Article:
Shared Lives Plus, the UK network for Shared Lives is hosting the annual conference for the sector, which will look back on a year with a 14% growth nationally despite an overall contraction in the social care sector.
Over 200 Shared Lives’ scheme workers, carers and supporters will attend the event which is being addressed by Minister of State for Care, Alistair Burt MP.
The conference will discuss ambitious plans and progress on doubling the number of people using Shared Lives nationally.
With recent reports that the NHS is set to halve the number of hospital beds for people with learning disabilities and autism in favour of alternative models of support, the conference is a timely opportunity to consider how Shared Lives can be a positive replacement.
NHS England Chief Executive Simon Stevens recently praised Shared Lives as an option where “people can receive the treatment they need whilst remaining in their community, living amongst family and friends, and thus have the best chance of building long-term health and resilience.”
Chief Executive of Shared Lives Plus, Alex Fox said;
“We are delighted to be coming to Birmingham to highlight the major benefits of a model of care that offers improved outcomes for participants, value for money for councils and the NHS that is set to grow even further nationwide.”
“Having the Minister of State speak at the conference is a fantastic vote of confidence from the Government. This is acknowledgement of the potential of Shared Lives in Birmingham and elsewhere to deliver better, more personalised care, whilst also helping tackle the challenges facing the NHS”.
Case Study: Birmingham
As part of the Councils review of Residential Placements, Chris was referred to us to consider if Shared Lives would be appropriate for him. I met Chris at the Residential Home with his Social Worker, his Advocate and the Home Manager. Chris quickly engaged with the idea of Shared Lives and it soon became apparent to me that Shared Lives would be a great option for him. In his words he said “I just want to live somewhere where I can be me”.
I introduced him to two Shared Lives Homes and after matching visits it became obvious that he had a lot in common like cookery and baking.
Chris moved in with Alison and her husband in spring of this year. His confidence has grown and he is enjoying living in the community in his Shared Lives Home. He still attends College and now has some voluntary work too which Alison helped him to find. Chris plans to gain paid employment in the baking trade and he provided some delicious cookies for us to serve on our stall at the recent Learning Disability Opportunities Fair. Andrew Cunningham-Gould.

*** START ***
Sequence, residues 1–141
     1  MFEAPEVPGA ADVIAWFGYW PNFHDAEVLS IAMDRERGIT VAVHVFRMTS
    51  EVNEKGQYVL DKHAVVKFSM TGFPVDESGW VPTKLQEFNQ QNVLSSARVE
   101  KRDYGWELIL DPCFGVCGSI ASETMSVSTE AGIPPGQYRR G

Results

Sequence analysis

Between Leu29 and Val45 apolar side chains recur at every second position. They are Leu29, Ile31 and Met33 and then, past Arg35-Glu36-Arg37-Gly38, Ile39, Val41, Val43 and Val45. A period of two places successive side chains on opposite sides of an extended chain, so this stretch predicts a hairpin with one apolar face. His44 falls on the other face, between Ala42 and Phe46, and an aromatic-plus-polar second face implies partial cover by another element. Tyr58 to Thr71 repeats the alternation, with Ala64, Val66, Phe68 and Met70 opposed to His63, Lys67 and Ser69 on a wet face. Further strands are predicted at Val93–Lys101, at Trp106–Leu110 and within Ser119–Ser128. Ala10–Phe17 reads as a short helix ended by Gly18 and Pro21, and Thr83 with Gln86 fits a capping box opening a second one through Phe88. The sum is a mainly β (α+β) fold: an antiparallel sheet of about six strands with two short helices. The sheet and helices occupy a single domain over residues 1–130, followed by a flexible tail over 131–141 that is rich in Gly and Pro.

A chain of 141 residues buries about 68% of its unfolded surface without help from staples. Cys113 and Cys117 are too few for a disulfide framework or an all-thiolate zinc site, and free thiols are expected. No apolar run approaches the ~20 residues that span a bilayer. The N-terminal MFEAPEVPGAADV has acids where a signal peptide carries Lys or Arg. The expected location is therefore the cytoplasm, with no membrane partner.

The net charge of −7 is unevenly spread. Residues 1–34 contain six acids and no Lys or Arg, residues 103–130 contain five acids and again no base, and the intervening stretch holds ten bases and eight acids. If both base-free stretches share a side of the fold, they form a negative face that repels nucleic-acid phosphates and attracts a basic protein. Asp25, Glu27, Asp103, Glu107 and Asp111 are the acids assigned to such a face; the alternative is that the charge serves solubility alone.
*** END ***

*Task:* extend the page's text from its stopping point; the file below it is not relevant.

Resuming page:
"My name is Chris, I am 38 years old and I was living in a residential home for the last 17 years. When I was told about Shared Lives I was told I would be living with a family and it would be a family environment. I was introduced to someone who Andrew said I might like. I went for a first visit and met Alison and her husband Pilui and their dog Juno and we got on well. Then I went for an overnight stay, after this there was a meeting to ask me if I wanted to move in permanently and I agreed. One month later, I moved in.
At first I walked the dog sometimes. I sorted out my bedroom, my bus pass, medication and medical treatment. I got to know the area and met Alison's family and friends. We go out to different places - we have been to birthday parties in Bromsgrove and Nottingham. We had a day trip to London. We have been to the vintage tea-shop and to Lickey Hills and Waseley Country Park. I like cooking - we have made cookies, cakes, pies and brownies.
Shared Lives is a great company! Things I like about Shared Lives is that it is a family environment, I get treated as an individual and I can just be myself. It could not be any better - I would like to stay here for at least the next 10 years!"
Notes to editors:
*West Midlands figure is a calculation based on a survey by Shared Lives Plus of West Midlands Shared Lives schemes returning data from 90%
The State of Shared Lives in England 2015 is available at www.sharedlivesplus.org.uk
For more information, or to arrange interviews, please contact:
Key Findings from Shared Lives report
• Shared Lives is growing by 14% at a time when the wider care sector is shrinking by 4%
• The number of Shared Lives arrangements has grown by 1300 (14%)
• The number of Shared Lives carers has increased by 900 (12%)
• The number of Shared Lives workers has increased by 7%
• This has happened against a backdrop of cuts and contraction in the wider Adult Social Care sector.
• Shared Lives Plus is on track to meet our target of doubling the size of Shared Lives over 5 years
• If all areas caught up with the best, Shared Lives could reach an additional 33,000 people and make cashable savings to local authorities of £120m per year – and this figure does not include the significant savings to the NHS and other services as a result of fewer hospital admissions and longer periods without the need for residential and nursing care for older people.
Shared Lives Plus
Shared Lives Plus is the UK network of family-based or very small scale care, support and inclusion approaches for disabled people, young people and older people.
In Shared Lives, an adult (and in some cases a16 or 17 year old) who needs support and/or accommodation moves in with, or regularly visits, an approved Shared Lives carer, after they have been matched for compatibility. Together, they share family and community life. In many cases the individual becomes a settled part of a supportive family, although Shared Lives is also used as day support, as breaks for unpaid family carers, as home from hospital care and as a stepping stone for someone to get their own place.